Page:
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Great Games that Deserve a Reprint

Great Games that Deserve a Reprint

There are some games that are so popular, they never go out of print. Dominion, Munchkin, and Catan, for example, will be in print until the inevitable robot uprising. But some fantastic games fall out of print for one reason or another and become very difficult to find. Sometimes an out of print game will be picked up by a different publisher, or sometimes enough clamor for fans convinces someone to do a kickstarter. Here are three great games that deserve a reprint.

Nodwick

nodwickBased on the comic strip of the same name, Nodwick is about a D&D party whose henchmen (not hirelings) have all been chopped to bits by some very dangerous traps. In fact, they have each been chopped into six pieces – head, torso, arms, legs, spleen, and spirit. The goal is to assemble a henchman using Piffany’s magic duct tape, rose colored glasses, and happy thoughts.

But what takes this silly concept to the next level is the turn structure – there is none. Instead, players simply call out for cards they need. “Who has Nodwick’s legs?” “I do! I’ll trade for Wentwick’s spleen!” And so on. “Guys! Can anyone send me some Happy Thoughts?” It’s a great time as you try to trade for the cards you need. You only get to draw new cards if you pass a sand timer to the next player – unless it runs out. It keeps things fun and frantic. You keep drawing cards until someone puts together a full henchman.

Originally published by Jolly Roger games, Nodwick is now out of print and very difficult to find. Which is a shame. It’s a concept that most role-players will find humorous, the mechanics are friendly to family and casual gamers, and the fast-paced keeps it exciting for everyone. Here’s hoping some publisher helps put Nodwick back together.

Ora et Labora

oraIt’s strange to see a Uwe Rosenberg game on this list. The man responsible for Agricola and Caverna (and Bohnanza) can sell titles just because his name is on the box. But for whatever reason, Ora et Labora didn’t fly off the shelves the way the publisher had hoped.

In Ora, the players are monks working to build out their small monastic lands and work to produce a variety of goods – often beer or wine. The game has an innovative system for taking goods. They accumulate over time on a wheel, but when one player takes them, they drop to zero. So even though you can’t stop me from taking a particular action, you can certainly make the action less valuable by getting their first. Ora also has a great special element as where you build matters a great deal.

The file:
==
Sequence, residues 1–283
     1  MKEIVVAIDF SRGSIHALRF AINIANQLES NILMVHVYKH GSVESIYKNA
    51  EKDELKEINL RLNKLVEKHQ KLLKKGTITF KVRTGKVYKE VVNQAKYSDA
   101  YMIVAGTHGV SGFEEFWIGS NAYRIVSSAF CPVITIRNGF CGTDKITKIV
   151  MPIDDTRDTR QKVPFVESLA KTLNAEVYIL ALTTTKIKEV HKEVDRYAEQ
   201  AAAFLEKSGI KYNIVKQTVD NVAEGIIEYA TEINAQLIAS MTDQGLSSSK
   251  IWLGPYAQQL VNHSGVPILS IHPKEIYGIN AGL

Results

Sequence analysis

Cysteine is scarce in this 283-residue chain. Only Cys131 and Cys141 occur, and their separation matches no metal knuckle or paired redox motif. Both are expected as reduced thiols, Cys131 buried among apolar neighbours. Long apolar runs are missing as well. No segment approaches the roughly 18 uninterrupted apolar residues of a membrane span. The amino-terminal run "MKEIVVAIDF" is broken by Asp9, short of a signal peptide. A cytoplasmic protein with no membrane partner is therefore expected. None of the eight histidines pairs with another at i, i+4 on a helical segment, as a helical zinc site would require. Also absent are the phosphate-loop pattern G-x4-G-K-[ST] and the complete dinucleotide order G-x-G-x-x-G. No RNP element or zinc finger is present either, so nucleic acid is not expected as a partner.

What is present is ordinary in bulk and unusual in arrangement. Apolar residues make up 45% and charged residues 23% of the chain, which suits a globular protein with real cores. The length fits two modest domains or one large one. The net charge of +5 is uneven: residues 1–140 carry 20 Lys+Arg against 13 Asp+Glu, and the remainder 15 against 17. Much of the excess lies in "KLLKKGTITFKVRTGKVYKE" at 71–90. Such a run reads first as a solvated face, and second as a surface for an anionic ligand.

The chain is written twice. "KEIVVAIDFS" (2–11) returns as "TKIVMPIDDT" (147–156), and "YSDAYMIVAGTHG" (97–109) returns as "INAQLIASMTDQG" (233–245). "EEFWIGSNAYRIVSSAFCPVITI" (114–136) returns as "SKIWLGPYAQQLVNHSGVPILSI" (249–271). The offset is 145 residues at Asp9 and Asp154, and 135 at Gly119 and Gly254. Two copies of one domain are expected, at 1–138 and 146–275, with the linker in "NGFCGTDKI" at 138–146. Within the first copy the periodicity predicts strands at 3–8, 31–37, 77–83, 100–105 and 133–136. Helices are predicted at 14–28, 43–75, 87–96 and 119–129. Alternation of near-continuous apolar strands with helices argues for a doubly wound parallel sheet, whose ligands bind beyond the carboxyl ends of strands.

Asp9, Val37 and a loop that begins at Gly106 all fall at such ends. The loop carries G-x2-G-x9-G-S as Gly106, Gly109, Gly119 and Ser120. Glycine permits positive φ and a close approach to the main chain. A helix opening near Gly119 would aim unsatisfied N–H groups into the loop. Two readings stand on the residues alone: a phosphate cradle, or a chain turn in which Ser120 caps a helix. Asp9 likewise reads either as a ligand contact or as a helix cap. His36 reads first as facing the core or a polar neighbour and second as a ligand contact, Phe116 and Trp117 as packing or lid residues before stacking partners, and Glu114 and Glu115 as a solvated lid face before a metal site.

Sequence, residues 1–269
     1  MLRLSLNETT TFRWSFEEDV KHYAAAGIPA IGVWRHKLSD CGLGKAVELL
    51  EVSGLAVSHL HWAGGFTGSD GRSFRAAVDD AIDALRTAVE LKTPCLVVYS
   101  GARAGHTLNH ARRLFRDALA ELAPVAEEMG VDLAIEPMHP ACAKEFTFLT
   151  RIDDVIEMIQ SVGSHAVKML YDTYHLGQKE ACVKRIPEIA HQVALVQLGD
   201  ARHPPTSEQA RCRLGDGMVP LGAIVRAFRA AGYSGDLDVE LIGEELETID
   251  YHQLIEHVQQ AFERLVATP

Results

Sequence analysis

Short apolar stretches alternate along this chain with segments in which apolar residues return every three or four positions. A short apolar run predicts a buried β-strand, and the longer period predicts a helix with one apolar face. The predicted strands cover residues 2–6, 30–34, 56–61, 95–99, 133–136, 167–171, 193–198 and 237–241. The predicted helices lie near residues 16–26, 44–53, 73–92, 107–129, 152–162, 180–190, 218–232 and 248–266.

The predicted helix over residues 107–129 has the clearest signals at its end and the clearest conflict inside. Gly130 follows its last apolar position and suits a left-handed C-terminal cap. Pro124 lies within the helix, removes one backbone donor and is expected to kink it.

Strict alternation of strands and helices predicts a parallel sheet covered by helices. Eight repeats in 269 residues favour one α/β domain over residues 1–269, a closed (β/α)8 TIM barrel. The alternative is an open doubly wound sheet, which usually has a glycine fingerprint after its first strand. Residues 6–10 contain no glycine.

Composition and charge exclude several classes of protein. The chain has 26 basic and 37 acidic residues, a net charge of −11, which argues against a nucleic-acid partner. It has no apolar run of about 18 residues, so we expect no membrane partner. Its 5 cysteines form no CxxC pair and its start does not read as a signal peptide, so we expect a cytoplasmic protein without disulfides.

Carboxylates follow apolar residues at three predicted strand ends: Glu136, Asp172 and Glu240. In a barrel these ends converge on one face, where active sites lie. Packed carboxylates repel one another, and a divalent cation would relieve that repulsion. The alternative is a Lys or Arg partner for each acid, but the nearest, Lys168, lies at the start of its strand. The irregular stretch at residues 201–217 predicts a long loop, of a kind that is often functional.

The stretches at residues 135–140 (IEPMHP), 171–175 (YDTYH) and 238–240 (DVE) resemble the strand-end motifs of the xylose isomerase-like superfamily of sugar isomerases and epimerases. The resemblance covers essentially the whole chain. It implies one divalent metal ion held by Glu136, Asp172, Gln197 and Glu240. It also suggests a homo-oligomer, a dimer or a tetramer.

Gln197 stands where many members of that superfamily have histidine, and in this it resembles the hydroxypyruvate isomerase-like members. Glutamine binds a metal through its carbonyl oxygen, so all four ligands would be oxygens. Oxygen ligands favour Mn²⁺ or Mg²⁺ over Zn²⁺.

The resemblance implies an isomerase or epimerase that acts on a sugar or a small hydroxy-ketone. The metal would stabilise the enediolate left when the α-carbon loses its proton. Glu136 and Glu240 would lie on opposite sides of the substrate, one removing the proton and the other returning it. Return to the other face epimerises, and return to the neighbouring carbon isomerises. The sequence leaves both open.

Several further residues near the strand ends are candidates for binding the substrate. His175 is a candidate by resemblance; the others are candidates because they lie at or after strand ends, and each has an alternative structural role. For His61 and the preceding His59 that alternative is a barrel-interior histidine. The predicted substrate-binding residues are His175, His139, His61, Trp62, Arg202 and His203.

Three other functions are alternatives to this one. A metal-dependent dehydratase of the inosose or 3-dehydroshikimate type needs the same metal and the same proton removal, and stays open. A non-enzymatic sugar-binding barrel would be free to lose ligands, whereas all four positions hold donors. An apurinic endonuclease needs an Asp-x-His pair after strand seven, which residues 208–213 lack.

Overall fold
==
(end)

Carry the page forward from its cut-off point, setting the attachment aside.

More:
Ora introduces different styles of workers, allows you to bribe other players into taking actions on your behalf, and provides an overall solid experience. While a bit on the heavier side of gaming, players who like Agricola or Caverna should very much enjoy Ora. Because of that, I hold out hope that this title gets reprinted.

Fits

FitsDr. Knizia is responsible for some of the best gaming experiences of the last 20 or more years. And while Fits is a good deal lighter than some of his other titles, it should still thrill any Tetris fan. Fits is basically the board game version of Tetris.

Players each get a set of Tetris style plastic pieces and a board that you can slide them down. One by one, pieces are called and the players take the corresponding piece and place it on the board. The catch is that you aren’t just trying to complete rows. Instead, you need to leave gaps in the right places to get positive points and avoid gaps elsewhere that give you negatives.

Fits has some great chunky pieces and ends up being inviting and accessible for everyone. Plus, it’s a great game for families and other groups that want to avoid aggressive, direct attacks. In fact, you sort of just play your own game and then whoever has the highest score wins. The familiarity and the enjoyable puzzle aspect make this a great title to bring out at family gatherings and can be a good introduction to gaming. It’s a shame it’s now so hard to find.

What other great games deserve a reprint?  Tell us about it in the comments.

Image Credits: Fair Play Games, homoludicus, and Ravensburger

Featured Image Credit: Ravensburger

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